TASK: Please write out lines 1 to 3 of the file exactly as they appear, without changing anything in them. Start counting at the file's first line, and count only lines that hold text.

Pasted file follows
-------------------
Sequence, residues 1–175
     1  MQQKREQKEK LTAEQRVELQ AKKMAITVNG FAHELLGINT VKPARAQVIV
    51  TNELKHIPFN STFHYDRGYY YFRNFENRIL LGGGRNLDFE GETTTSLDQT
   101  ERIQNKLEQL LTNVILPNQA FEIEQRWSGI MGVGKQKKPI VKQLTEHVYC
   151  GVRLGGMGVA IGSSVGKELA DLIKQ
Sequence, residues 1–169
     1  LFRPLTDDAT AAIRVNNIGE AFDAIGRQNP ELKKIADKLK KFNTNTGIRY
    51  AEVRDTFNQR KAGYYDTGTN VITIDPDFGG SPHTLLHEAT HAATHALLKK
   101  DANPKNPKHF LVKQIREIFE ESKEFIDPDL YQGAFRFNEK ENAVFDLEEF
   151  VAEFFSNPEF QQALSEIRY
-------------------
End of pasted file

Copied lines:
Sequence, residues 1–175
     1  MQQKREQKEK LTAEQRVELQ AKKMAITVNG FAHELLGINT VKPARAQVIV
    51  TNELKHIPFN STFHYDRGYY YFRNFENRIL LGGGRNLDFE GETTTSLDQT